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Having the time to write is a privilege.

Some people have to get up early, make breakfast for the kids, make a lunch for the kids, make sure the kids are dressed appropriately, drive the kids to school — and then, go to work. Some people have to pick up the kids, watch them in the park, or take them to soccer, fix them dinner, make them take a bath, read them a bed time story, and by then, some people are too exhausted to write — because they still have to clean house, do laundry, pay bills, and whatever else has piled up.

— David Gerrold,

He has an entire article on this.  Join his Patreon to read it.  He expresses it better than I can, just as Miles Davis plays trumpet better than I can or Van Gogh paints better than I can. 

The Time to Write is not a privilege to be taken lightly.  Too few people have this privilege.  I’m hoping to change the world, such that everyone can live their lives pursuing the Art that ignites their passion.  There are too many privileges denied to too many people.

I am a straight white male.  This means, whether I wanted it or not, I was born with Privilege.  Don’t mistake this to mean I was born without challenges to overcome, or that I haven’t ever faced difficult circumstances.  Being a straight white male doesn’t exempt anyone from ugliness.  It means only that I don’t have to bear any extra malice because of the color of my skin, my sexual orientation, or my gender.  Those who don’t fit into all three of these categories will almost certainly face prejudice to which I have never been subjected.  That’s the world in which we live. It must be changed. 

That we can make this change is obvious.  To believe we are stuck forever in this cesspool of hatred is to anchor us permanently in the muck.  To be a cynic is as easy as it is fruitless.  I suspect that’s why there are so many of them.  Giving up requires so very little effort.  Intellectual laziness is the worst kind.

Change is more difficult.  It begins, I’m told, with being aware of the struggles of others.  I am aware of many.  I am certain that there are many more I’ve never even imagined. 

My objective tonight is to help you become aware of the struggles others face because it will change your relationship to them.  You will, to the extent that I am successful, be more understanding of the problems of people who are not necessarily just like you.  In understanding, we quiet our hatreds, jealousies, and fears.  The world becomes better when we raise our empathy to a more reasonable plane.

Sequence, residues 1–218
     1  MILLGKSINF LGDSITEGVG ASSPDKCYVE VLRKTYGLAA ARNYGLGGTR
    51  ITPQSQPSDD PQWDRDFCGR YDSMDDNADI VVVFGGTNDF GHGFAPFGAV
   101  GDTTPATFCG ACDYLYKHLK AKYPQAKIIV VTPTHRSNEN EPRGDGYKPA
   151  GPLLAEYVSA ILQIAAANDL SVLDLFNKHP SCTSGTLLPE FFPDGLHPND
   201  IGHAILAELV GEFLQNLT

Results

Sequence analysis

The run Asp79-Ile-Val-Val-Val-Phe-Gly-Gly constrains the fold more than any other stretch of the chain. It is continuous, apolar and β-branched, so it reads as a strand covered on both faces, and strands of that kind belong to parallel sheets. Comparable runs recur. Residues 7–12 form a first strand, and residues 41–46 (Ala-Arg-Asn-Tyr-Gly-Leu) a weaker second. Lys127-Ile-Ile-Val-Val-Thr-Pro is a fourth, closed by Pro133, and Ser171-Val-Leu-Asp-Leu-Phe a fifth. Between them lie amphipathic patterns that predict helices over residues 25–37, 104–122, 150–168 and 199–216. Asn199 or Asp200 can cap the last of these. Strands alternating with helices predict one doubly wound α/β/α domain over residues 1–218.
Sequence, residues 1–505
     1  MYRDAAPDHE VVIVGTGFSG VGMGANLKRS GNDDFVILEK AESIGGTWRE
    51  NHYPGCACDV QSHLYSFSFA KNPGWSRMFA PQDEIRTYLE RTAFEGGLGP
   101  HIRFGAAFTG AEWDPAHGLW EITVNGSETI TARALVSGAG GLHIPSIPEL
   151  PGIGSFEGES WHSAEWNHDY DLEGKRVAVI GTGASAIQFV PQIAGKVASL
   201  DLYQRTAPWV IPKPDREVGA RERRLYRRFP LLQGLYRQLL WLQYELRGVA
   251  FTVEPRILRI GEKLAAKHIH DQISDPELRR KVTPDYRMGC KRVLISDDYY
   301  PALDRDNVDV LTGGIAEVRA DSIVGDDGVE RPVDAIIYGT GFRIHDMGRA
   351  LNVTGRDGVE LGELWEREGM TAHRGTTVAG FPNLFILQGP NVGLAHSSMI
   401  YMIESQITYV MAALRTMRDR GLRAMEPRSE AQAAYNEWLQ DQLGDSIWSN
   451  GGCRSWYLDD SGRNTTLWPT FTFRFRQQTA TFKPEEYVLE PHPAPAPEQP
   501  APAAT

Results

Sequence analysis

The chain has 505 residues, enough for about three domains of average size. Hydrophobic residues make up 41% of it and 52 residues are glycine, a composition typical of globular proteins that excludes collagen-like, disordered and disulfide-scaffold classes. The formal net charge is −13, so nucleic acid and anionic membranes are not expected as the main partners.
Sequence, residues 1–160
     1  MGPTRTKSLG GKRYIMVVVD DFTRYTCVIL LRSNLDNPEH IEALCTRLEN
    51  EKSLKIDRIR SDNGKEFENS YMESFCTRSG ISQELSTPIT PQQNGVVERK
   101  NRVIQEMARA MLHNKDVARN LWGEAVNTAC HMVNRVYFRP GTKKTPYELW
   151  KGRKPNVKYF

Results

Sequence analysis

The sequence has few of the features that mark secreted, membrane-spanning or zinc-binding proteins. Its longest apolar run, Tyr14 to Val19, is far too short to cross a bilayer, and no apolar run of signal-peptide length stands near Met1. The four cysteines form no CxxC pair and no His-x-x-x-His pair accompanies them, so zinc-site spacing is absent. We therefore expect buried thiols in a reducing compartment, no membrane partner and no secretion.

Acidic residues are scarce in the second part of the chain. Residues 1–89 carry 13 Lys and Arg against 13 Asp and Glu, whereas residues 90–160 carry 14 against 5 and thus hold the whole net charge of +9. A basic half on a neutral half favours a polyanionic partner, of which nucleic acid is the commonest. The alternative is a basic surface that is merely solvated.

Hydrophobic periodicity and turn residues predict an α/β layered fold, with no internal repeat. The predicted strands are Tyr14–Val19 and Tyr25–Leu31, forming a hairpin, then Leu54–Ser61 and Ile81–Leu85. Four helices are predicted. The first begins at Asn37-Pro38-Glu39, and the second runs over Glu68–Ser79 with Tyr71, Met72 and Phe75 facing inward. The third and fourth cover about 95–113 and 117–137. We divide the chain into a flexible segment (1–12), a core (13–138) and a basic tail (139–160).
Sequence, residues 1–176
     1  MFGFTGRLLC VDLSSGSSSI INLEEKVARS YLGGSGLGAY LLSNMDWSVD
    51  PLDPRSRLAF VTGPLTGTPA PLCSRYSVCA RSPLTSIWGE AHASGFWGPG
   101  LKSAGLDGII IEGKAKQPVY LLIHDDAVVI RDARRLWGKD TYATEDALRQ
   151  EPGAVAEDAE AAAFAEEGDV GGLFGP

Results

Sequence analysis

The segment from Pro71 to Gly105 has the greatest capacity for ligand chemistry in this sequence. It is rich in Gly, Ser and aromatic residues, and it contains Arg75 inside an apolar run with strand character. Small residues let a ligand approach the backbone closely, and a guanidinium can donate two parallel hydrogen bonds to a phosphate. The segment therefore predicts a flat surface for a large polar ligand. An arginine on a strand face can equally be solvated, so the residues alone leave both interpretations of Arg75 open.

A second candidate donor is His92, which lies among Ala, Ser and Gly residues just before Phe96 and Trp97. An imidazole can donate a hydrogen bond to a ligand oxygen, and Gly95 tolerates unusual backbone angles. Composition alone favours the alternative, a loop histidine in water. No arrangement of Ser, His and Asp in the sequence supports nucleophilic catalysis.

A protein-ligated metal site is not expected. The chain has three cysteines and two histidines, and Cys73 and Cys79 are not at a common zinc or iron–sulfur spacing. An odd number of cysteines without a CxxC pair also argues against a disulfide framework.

I believe all human beings should share in the privileges I have done nothing to earn.  I don’t deserve anything special because of where, when, or to whom I was born.  What I deserve has to do with my behaviors, not my heritage. 

Of all the privileges I’ve ever had, though, the greatest is The Time to Write.  Unlike those with which I had nothing to do, I purchased this privilege at the price of losing my health and the ability to participate in the normal routine of our society.  Since I can’t work anymore, the government sends me enough that, along with my Patreon and the help I get from my friends, I can stay alive.

Everyone deserves this privilege.  We’ve been advancing as a species for 200,000 years.  We’ve arrived at the place we can all survive and live in relative comfort without being forced to labor pointlessly in an effort to find food and shelter and medical care and the education that makes us a better species.   

All of this means that I get to do what I most want to do.  I get to create.  Writing is one means of creation for me, but so is my podcast, and so are the videos I like to do.  I love putting together audio plays.  And I get to do those things whenever I choose.  This is the life I have always wanted.  I loathe the way I fell into it, but I love what I get to do.  This is a privilege I have, in some twisted way, earned.  I’m happy to have it.  I deserve it.  Why?